I read a tweet recently suggesting that people with mental illness should just ‘take a walk’ and ‘get over it’. Its author clearly had all the grace and intelligence of the President Elect, and probably originated from the same pre-historic period…
Some years later in 1678, when most of Trump’s ancestors were already fossilised below ground, advances in thinking resulted in a deeper understanding of mental illness. Indeed, the collection of symptoms we now know as PTSD were termed ‘homesickness’ or ‘nostalgia’. How very quaint.
Brave soldiers who were struck down with ‘homesickness’ and ‘nostalgia’ were also considered weak. No doubt by individuals who hadn’t even a fraction of the life experience that the soldiers had under their military belts.
But, as our little friend on Twitter says, all anyone with mental illness need do is ‘take a walk and get over it’. Hmm…
If you haven’t lived with mental illness can you really understand the impact? And if you haven’t lost friends and family in battle, seen extreme violence take place right in front of your eyes or feared for your life on a daily basis, can you really imagine how you might cope with the aftermath?
Wor Stories is a play based on the lived experiences of members of Bravo 22 – a company of ex service personnel and their families who have shared their stories (as well as a few centuries of military history neatly packaged into quick bursts of speech) with audiences at the Theatre Royal in Newcastle.
Not only have they been brave in sharing their personal experiences, they have also taken to the stage themselves to bring these stories to life…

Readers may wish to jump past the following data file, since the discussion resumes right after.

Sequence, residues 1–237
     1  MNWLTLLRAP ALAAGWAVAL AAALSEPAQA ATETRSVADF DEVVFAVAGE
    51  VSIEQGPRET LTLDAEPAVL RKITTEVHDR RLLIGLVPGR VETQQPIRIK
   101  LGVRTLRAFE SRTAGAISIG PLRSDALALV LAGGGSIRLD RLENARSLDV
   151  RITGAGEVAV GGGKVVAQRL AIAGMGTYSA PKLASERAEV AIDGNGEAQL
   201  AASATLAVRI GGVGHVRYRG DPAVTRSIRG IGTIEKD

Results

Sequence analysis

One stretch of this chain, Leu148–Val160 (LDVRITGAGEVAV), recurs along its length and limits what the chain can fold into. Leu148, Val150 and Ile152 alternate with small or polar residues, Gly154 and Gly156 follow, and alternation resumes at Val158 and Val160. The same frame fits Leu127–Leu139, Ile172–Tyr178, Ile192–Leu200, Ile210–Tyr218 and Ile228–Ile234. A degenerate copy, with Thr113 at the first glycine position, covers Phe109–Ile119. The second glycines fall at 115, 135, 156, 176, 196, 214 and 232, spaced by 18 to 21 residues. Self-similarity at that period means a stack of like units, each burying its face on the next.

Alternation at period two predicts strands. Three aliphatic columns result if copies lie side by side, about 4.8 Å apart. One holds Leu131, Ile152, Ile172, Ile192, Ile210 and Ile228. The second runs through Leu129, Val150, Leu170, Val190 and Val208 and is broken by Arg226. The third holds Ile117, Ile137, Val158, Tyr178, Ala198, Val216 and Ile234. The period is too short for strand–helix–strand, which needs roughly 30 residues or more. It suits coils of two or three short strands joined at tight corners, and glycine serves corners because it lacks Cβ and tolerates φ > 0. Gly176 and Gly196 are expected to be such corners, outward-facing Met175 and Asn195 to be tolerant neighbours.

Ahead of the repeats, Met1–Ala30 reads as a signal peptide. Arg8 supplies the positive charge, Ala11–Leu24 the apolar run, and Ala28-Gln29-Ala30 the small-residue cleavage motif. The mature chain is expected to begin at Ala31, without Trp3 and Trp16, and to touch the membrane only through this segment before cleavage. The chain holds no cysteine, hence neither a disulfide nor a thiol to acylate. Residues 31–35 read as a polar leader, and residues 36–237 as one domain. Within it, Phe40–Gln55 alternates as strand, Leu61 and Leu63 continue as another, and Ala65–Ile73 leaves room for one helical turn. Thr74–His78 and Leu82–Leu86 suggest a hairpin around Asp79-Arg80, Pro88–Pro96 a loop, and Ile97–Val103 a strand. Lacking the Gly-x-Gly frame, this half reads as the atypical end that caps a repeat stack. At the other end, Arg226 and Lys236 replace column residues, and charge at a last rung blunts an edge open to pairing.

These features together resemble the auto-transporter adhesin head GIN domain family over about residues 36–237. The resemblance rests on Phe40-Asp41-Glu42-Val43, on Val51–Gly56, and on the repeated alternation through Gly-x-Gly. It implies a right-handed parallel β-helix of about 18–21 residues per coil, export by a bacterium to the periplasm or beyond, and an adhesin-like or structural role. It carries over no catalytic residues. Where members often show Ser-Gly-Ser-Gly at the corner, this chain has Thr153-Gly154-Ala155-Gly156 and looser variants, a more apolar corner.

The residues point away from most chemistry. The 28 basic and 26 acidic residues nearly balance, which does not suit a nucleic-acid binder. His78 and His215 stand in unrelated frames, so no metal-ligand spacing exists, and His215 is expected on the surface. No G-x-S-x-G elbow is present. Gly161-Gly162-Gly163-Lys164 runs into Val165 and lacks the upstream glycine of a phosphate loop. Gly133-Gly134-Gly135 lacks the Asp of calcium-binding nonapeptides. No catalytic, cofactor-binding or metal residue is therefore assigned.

So Wor Stories isn’t performed by professional actors, but given the authenticity, passion and camaraderie on the stage you’d be forgiven for thinking the cast have come straight out of RADA!
We learn about perceptions of mental illness in the forces, about the bond that is built between soldiers on the front line, and about about the families who support veterans through their mental health struggles.
We also get a glimpse into what daily army life is like – friendships, banter, insomnia and arachnophobia, as well as the random conversations you have to pass the time (including a hilarious debate about a camel’s comprehension of a rifle). A very funny script and some brilliant comic performances add the lighter touches to this poignant play, while at the same time reminding us that soldiers are an important part of a whole other life that has to carry on regardless while they serve their country.
Written by Gary Kitching and directed by Chris Connel (yes – I do know him pretty well!) the contrasting stories and experiences follow a narrative that takes us from when the soldiers first join up, to what happens after they leave the forces. Some have hope, some experience pain and loss, and some are destined to live with the impact for the rest of their lives. An impact they are shouldering because they did what many of us would find unimaginable. That they did for all of us.
The short scenes are simplistic in style. Some pull you right into the heart of deeply personal, life-changing experiences, while others generate a huge buzz of energy as the soldiers bond over insults, bad jokes and nicknames. Oh, and there’s Shakespeare too. You get a lot of bang for your buck in this roller coaster ride of laughter, tears and discomfort.
So to our little friend on Twitter, think twice before suggesting anyone with mental illness simply ‘takes a walk’. These guys probably already did that one day – only they came back minus a friend, a limb, their happiness or their mental health.
Wor Stories – Theatre Royal Newcastle until Saturday 10th December
To read more about the project, Bravo 22, that is supported by the British Legion, click here